In 1975, when Cambodian cities were about to be emptied to make way for an imagined agrarian communist utopia, five-year-old Ung is living in the capitol Phnom Penh. She is one of several children of a well-placed government official, a child of privilege and of a thousand small pleasures around the city. Under the brutal regime of Pol Pot and the Khmer Rouge, she is separated from her family, driven out into the countryside, and forced to labor as a child soldier in a camp for orphans. Ung writes about how it is essential to her survival to keep her privileged background hidden, and how she is forced to endure the dispersal and murder of her family members. After the war, and in the writing of the book, Ung reassembles her understanding of what happened to her under Khmer Rouge, and of the immense calamity that befell Cambodia. By the power of her book she makes an effort to rescue history from its nightmare.

Two decades later, in 1994, hundreds of thousands of Tutsis were murdered in the span of one hundred days by Hutus in Rwanda. Gil Courtemanche's novel A Sunday at the Pool in Kigali (2003) is set at the start of the genocide. The protagonist is Bernard Valcourt, a Canadian filmmaker who has been sent to Kigali, in Rwanda, to set up a television station. The story takes place in the early 1990s, and though the genocidal struggle between Hutus and Tutsis has not yet started, the disaster is already in the air. During the colonial era in Rwanda, the whites arbitrarily created the ethnic distinctions based solely on their physical appearance, and had favored the taller, lighter-skinned Tutsis. Hutus were getting ready to revolt against decades of marginalization.

Valcourt regularly finds himself poolside at his hotel with other members of the local elite and the expatriate community. There Gentille, a lovely waitress who, though Hutu, looks like a Tutsi, captures his eye and his heart. Valcourt comes to know the threatened Tutsi community, then the entire Rwandan culture, shadowed as it is with impending massacre, not to mention the endless scourges of AIDS and poverty. Through a love affair—which becomes a love affair with a culture as well as an individual—Courtemanche pulls the reader deep into the individual experience of genocide.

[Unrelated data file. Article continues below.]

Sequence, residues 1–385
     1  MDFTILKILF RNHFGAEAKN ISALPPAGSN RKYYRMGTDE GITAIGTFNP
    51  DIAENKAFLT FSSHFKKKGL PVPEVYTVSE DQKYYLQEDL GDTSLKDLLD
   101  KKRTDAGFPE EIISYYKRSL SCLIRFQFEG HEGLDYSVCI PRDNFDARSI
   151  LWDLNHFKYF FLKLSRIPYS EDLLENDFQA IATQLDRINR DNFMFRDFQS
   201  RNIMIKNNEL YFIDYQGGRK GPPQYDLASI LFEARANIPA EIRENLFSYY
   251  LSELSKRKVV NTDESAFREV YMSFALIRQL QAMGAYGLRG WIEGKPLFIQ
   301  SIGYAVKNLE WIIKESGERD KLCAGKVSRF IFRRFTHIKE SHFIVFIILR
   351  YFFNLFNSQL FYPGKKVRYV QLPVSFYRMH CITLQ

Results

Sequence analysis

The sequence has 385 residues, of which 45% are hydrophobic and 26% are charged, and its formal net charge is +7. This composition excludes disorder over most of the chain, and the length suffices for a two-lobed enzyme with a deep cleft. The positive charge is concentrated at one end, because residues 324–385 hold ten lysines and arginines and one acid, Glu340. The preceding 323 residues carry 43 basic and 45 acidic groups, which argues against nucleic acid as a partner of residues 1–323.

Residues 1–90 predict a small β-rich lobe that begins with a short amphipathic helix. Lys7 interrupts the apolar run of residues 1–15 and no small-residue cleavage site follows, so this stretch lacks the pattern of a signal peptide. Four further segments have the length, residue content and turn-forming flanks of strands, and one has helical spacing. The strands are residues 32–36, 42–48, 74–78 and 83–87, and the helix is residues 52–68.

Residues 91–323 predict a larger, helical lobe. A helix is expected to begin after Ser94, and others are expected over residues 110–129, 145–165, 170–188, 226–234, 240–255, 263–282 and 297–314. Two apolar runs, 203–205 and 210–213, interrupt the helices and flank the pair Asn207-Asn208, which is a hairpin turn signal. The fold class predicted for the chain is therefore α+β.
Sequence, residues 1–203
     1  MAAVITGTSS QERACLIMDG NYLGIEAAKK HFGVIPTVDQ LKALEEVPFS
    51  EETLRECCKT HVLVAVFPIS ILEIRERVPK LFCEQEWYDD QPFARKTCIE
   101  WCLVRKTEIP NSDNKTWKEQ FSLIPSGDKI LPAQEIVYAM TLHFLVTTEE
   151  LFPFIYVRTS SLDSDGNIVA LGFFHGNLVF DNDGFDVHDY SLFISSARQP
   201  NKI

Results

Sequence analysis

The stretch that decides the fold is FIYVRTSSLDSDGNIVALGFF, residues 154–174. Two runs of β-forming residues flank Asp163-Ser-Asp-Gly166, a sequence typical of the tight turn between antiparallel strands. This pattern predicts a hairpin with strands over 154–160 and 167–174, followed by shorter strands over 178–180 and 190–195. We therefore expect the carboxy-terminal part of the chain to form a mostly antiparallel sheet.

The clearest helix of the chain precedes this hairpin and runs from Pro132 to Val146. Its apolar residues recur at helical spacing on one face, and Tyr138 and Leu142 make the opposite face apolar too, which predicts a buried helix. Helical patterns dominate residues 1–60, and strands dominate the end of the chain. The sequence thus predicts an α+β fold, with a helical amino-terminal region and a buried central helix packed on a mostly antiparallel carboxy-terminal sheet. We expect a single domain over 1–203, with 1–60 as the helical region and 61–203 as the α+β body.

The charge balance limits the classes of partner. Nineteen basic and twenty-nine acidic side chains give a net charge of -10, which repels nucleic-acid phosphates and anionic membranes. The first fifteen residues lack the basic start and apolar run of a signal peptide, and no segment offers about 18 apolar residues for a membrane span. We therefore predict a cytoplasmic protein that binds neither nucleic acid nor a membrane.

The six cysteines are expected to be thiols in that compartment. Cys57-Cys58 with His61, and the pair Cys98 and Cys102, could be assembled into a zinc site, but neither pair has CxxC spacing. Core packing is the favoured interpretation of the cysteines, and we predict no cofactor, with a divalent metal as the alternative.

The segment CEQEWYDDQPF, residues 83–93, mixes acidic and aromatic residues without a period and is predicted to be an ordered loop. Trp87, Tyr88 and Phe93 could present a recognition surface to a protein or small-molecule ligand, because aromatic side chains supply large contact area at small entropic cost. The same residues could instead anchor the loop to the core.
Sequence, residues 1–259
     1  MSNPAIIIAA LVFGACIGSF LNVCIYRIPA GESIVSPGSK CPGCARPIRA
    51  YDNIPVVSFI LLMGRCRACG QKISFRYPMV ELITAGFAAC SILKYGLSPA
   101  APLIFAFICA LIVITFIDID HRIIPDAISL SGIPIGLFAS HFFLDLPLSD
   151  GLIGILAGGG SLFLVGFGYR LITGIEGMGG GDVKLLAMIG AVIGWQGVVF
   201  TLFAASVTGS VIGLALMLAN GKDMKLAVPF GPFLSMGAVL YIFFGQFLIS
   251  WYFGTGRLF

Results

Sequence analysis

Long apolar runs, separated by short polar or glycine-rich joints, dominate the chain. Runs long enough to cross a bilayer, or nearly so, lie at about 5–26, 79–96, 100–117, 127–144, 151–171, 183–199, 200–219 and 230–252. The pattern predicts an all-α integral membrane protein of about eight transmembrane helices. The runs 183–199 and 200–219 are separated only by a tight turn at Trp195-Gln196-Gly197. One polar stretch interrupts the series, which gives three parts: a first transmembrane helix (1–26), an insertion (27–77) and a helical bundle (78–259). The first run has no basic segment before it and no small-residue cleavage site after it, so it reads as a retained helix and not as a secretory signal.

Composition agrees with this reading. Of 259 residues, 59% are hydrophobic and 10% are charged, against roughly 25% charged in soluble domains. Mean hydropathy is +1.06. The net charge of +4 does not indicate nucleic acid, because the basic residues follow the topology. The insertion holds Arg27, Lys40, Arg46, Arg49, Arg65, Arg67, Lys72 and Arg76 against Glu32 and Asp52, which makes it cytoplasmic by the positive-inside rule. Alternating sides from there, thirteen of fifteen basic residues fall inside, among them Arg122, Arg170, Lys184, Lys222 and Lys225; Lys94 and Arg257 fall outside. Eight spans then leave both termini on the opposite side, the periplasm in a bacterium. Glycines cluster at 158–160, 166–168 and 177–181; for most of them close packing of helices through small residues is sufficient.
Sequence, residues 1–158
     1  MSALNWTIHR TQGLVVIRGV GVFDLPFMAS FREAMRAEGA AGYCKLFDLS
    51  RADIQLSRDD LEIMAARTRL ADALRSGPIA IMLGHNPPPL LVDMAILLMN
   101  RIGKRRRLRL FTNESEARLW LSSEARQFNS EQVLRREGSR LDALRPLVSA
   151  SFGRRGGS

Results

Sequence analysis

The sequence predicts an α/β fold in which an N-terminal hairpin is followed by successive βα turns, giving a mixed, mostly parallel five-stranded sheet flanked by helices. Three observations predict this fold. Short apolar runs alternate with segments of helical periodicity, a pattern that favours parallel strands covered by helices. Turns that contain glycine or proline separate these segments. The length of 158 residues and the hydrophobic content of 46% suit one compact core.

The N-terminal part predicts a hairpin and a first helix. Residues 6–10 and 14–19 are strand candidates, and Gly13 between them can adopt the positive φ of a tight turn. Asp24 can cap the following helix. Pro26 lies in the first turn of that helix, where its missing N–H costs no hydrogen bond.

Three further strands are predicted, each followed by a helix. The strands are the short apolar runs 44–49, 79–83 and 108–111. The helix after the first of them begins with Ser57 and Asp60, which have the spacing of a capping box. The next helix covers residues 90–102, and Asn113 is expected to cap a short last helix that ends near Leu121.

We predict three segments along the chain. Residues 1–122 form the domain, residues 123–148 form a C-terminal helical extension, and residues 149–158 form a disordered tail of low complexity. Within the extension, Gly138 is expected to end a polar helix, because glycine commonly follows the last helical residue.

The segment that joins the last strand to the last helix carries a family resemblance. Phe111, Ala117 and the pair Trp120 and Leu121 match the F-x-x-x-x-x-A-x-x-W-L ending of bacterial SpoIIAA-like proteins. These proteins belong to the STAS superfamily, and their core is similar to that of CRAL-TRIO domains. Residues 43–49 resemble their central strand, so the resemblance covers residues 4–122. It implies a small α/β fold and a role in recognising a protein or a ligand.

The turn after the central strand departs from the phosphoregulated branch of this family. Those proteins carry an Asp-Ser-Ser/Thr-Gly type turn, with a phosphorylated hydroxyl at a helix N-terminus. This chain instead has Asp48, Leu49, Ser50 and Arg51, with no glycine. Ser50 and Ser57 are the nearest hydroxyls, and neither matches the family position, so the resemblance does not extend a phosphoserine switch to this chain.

Novels and memoirs can be some of literature's most powerful forms, as they memorialize and interpret what sometimes seems to lack meaning. In a world that has known, survived, and repeated so many instances of genocide, forced exile, and ethnic cleansing, literature serves as a memorial to the fallen who can no longer speak for themselves, and as a warning to those who survive or follow.


The forced labor of members of certain ethnicities, minorities, or religions has occurred to some extent on every inhabited continent in the world. Slavery reduces humans to the level of possessions and units of labor, but literature about slavery tries to reintroduce the humanity of the victims of this institution, and remind readers that slaves, too, are individuals with the same feelings, fears, hopes, and dreams as any member of the human race.

An early firsthand account of modern slavery is The Interesting Narrative of the Life of Olaudah Equiano: or, Gustavus Vassa, the African (1794). Equiano was born in present-day Nigeria and sold into slavery as a child. He was taken to England, where he at first found himself a slave to a captain in the Royal Navy, and then a slave to a Quaker merchant. As Equiano explains in his narrative, he was able to buy his freedom by saving money and trading commodities, a rare occurrence in the eighteenth century. He went on to become a sailor, sailing the Mediterranean, Atlantic, and Caribbean. He also sailed to the Arctic as part of an expedition hoping to reach the North Pole. Upon returning to England, he became instrumental in the movement to abolish the slave trade, which provided the impetus for Equiano's writing this autobiography. Not only did his book become a bestseller, but it made its author wealthy. Equiano used his own experiences with the inhumanity of slavery to campaign against the entire institution. His is a story of suffering, oppression, and ultimately, victory and hope. Slavery was finally abolished throughout the British Empire in 1833.

Another slave who was able to escape the horror of the system was Mary Prince, whose The History of Mary Prince, a West Indian Slave (1831) recounts her life as a slave in the Caribbean. Like Equiano, Prince writes about the degradation and suffering imposed by slavery from personal experience. She escaped in 1828 and made her way to London. Her History became an overnight bestseller, and was praised by abolitionists for its frank depiction of the life of a slave. Personal narratives such as Prince's and Equiano's were extremely influential in the antislavery movement in Britain. These accounts had the power to transform a remote practice that happened to "other people" in a far-off place into personal stories, putting a face on the brutal practice of slavery.